2:11 p.m.: Jon Heyman of the New York Post reports that the Pirates had offered Reynolds an extension that would have made him the highest-paid Pirate in dollar history, beating the $70 million extension secured by teammate Ke’Bryan Hayes. Of course, Hayes got his extension with less than two years on the job while Reynolds is almost four, so any extension was never going to come close to Hayes’ figure.
12:09 p.m.: pirate outfielder Bryan Reynolds requested an exchange, according to Jason Mackey of the Pittsburgh Post-Gazette. Heman adds that extension talks between Reynolds and the Pirates had reached an “impasse”, prompting Reynolds to request the trade. He says the pirates still have no intention of trading him. The Bucs have since released a statement on the trade request:
“While this is disappointing, it will have no impact on our decision-making this off-season or in the future. Our aim is to improve the Pirates for 2023 and beyond. With three years to go Before entering free agency, Bryan remains a key member of our team and we hope he has a great season for the Pirates.
Reynolds has long been a sought-after trade candidate in the game. He’s a controllable young player playing at an elite level as the Pirates are in the depths of a long rebuild. Pittsburgh has spurned commercial interest, however, preferring instead to keep Reynolds as they seek to return to contention while he is under club control.
Reynolds is expected to earn $6.75 million this season in the second year of a two-year, $13 million arbitration extension. He will then be under the club’s control for two more seasons through arbitration before becoming eligible for free agency after the 2025 season.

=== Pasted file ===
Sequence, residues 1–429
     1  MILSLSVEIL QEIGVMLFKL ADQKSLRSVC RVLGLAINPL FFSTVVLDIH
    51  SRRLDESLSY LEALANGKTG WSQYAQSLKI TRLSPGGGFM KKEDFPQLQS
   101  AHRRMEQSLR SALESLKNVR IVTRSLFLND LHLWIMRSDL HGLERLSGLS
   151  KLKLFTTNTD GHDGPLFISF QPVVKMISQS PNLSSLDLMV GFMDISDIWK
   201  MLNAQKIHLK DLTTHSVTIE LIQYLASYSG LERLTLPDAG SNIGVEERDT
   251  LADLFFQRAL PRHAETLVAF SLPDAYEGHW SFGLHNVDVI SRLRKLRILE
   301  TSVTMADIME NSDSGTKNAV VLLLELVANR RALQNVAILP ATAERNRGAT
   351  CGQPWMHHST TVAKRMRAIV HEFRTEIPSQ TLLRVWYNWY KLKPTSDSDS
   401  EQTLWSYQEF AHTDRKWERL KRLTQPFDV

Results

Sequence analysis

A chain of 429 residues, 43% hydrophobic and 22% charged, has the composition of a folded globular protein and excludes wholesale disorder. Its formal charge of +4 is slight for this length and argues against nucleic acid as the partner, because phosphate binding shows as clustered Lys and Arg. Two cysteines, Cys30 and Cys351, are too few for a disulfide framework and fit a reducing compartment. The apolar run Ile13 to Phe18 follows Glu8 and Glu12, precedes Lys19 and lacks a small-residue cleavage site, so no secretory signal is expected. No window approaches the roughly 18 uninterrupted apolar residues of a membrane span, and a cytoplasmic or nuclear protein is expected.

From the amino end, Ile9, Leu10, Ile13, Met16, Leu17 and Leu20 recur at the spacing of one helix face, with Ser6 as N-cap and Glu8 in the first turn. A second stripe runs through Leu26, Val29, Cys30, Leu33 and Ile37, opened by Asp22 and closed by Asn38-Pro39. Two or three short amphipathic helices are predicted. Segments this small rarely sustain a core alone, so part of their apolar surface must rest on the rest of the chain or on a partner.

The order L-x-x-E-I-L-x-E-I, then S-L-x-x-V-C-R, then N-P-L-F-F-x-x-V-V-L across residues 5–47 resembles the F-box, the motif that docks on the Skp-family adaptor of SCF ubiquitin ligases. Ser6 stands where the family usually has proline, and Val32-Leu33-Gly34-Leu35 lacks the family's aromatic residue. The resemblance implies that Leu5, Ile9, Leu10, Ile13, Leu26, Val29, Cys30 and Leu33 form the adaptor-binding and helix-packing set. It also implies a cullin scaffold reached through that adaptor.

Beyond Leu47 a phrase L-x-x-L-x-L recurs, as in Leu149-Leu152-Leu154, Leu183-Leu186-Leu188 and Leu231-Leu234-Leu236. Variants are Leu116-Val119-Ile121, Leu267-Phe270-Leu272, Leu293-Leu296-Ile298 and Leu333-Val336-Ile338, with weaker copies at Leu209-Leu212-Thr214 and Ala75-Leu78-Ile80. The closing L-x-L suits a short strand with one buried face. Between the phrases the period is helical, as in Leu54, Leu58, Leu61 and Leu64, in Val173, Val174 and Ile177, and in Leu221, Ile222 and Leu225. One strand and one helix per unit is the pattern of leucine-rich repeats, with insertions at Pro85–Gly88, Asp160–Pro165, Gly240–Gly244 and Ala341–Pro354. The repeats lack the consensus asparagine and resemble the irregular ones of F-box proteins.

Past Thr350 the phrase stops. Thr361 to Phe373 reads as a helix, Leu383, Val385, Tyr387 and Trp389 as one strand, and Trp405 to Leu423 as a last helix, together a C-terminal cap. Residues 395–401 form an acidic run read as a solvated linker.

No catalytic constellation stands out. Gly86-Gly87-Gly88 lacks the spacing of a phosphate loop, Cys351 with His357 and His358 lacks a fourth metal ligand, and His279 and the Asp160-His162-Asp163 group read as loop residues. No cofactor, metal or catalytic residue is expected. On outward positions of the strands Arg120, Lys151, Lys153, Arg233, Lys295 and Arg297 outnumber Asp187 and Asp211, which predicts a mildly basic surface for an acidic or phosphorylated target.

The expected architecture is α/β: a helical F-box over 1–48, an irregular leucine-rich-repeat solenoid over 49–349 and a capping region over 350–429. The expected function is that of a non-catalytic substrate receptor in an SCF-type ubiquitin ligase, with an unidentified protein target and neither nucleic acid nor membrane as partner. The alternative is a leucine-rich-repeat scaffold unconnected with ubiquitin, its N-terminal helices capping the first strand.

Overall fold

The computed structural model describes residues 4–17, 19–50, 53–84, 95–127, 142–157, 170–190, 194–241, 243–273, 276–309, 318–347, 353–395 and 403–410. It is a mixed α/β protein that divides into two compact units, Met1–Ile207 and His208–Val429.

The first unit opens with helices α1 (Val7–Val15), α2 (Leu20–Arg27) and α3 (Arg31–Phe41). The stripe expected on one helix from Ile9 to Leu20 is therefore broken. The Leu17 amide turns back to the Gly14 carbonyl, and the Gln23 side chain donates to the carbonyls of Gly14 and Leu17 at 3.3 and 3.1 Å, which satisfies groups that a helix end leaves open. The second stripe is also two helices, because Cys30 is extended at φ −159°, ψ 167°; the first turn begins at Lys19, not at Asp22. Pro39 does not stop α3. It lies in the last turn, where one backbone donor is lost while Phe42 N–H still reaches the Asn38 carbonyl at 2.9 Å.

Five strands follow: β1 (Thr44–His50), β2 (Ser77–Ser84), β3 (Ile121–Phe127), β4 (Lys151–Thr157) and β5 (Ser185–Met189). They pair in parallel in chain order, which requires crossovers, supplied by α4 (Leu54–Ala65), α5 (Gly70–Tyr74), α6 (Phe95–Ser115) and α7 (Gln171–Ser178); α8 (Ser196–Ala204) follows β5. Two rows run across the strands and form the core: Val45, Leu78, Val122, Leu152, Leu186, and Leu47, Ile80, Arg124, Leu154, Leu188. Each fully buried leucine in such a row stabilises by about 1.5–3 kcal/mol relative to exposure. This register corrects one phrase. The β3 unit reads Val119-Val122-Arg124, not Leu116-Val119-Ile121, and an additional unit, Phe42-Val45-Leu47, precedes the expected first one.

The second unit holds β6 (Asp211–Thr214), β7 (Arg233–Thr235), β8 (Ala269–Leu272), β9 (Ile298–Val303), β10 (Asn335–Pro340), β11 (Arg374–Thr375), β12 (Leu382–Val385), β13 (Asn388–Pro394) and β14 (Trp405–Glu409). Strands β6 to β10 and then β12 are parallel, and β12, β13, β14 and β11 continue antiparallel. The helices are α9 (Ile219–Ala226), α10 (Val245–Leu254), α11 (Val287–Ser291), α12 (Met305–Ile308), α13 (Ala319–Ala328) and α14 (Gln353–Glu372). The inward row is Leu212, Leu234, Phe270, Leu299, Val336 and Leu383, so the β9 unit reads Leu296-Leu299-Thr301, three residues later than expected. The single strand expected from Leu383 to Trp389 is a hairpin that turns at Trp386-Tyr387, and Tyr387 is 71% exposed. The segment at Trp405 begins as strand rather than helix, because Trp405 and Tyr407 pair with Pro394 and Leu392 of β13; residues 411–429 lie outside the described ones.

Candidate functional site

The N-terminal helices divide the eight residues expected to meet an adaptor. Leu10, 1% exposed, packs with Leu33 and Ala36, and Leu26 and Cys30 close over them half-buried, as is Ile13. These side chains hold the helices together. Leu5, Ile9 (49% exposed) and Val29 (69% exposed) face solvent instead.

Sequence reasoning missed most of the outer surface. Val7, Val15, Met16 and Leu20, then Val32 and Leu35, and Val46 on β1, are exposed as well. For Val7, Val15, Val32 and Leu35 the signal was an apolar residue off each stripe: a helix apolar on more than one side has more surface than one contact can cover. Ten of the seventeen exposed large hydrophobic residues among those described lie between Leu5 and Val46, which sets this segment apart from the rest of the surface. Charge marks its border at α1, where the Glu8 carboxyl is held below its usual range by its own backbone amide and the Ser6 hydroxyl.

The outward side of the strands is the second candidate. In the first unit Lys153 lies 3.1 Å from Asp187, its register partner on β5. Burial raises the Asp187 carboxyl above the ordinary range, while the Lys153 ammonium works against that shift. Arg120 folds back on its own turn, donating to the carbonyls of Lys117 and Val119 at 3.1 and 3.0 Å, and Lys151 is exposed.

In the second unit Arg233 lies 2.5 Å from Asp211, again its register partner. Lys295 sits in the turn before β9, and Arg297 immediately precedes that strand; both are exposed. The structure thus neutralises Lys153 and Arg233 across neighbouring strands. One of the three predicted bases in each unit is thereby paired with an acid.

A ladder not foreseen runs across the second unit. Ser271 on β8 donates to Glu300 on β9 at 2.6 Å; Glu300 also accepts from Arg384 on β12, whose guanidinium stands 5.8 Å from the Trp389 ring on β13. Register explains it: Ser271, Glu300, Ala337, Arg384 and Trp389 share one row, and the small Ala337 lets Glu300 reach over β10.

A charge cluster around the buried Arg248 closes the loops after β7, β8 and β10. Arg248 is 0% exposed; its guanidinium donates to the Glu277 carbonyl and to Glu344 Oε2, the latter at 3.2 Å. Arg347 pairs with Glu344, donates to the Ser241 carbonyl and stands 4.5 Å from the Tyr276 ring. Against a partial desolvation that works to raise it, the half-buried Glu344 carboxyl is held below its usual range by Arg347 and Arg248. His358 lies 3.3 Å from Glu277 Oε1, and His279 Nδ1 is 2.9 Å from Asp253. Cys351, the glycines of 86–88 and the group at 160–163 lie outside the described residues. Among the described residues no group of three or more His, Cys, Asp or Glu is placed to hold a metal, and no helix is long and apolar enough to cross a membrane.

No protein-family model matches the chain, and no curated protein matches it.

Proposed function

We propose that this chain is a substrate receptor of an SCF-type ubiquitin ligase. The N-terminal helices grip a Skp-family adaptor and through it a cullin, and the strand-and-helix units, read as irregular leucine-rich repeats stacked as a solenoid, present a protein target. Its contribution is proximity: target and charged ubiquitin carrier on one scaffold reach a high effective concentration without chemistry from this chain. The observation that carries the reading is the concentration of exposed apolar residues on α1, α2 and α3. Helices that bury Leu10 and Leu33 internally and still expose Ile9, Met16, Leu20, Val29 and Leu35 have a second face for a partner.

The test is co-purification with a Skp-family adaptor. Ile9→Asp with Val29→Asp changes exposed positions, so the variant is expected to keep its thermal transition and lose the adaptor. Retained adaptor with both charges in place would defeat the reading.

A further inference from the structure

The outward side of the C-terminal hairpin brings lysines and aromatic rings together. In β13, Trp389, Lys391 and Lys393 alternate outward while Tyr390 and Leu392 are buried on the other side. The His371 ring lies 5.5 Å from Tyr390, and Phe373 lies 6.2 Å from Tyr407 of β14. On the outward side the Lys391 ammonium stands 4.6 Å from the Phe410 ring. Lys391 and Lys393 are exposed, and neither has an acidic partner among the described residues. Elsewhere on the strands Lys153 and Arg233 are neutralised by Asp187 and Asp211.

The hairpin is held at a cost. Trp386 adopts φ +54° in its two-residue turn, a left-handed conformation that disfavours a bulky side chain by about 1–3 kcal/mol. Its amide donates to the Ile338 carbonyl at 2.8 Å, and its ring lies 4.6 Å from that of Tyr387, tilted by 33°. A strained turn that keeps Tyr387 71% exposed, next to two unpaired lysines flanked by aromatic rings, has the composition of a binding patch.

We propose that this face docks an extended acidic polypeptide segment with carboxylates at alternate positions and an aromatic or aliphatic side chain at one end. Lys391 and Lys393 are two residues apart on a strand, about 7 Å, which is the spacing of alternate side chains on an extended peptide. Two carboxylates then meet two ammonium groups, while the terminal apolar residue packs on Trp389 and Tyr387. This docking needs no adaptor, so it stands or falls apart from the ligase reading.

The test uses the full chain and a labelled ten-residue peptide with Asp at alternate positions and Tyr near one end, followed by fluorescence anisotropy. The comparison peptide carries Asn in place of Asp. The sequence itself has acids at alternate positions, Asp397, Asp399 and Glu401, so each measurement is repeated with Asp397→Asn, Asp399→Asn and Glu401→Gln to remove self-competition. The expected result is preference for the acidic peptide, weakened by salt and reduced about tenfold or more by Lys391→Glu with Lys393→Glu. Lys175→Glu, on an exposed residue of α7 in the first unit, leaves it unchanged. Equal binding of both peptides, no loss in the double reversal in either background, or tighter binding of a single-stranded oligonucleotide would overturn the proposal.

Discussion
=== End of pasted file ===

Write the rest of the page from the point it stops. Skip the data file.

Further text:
The 27-year-old saw a slight drop in offensive production in 2022, but still had a very strong season, slashing .262/.345/.461 with 27 homers, worth 2.9 bWAR . It was the highest homer total he produced in his four big league seasons, but it also came with an increase in strikeouts.
Second-round pick by the Giants in 2016, Reynolds went to the Pirates in 2018 Andrew McCutchen OK. He made his debut a season later, cutting .314/.377/.503 with 16 home runs in 134 games. In another year, that might well have been enough to win the rookie of the year award, but the presence of Pete Alonso, Mike Soroka and Fernando Tatis Jr. means he finished fourth in the National League.
He had one hell of a sophomore slump, hitting just 0.189/0.275/0.357 in 55 games during the pandemic-shortened 2020 season, but bounced back with his best season yet in 2021. That year he hit .302/.390/.522 with 24 home runs, earning his first Nod for the All Star game and finishing 11th in NL MVP voting. He also posted career-best strikeout (18.4%) and walk (11.6%) rates that year.
On the defensive end, Reynolds spent most of his time in left or center field. He spent most of 2021-22 at center, recording a total of 2,196 2/3 innings to mixed reviews. Outs Above Average had him ten for 21 but -7 for 22, while Defensive Runs Saved had him at -5 for 21 and -14 this season. Nonetheless, he ranks better on the left, where he was worth a total of 7 DRS in 931 2/3 innings between 2019-20.
Although attacking production has dropped in 2022, the package of work combined with the remaining years of club control means there will be no shortage of suitors. MLBTR snuck a peek at Reynolds as a trade candidate (a title he’s apparently held for almost three years) just a week ago. MLB Network’s Jon Morosi reports that the Blue Jays are interested in Reynolds, while a number of teams, including the Mariners, Yankees and Marlins, have already had interests.
From the pirates’ perspective, it’s not particularly surprising to hear them say they plan to bring it back in 2023. They’re unlikely to further weaken their negotiating position by publicly declaring they’re trading it . Their asking price has always been very high (the Seattle Times reported that their asking price at the 21 started with Julio Rodriguez), and they will surely be looking for a big batch of young players again.
There has always been a bit of debate over whether the Pirates should trade Reynolds or not. As a notoriously low-spending club, they were unlikely to stay beyond his club’s control, but the Bucs’ rebuilding is starting to show signs of life and it’s not unthinkable that they will be able to to wrestle in NL Central by 2024. -25. Whether they trade it or not, the news has certainly added an extra layer as agents and front desk staff travel to San Diego for the start of winter meetings tomorrow.
Image: USA Today Sports.
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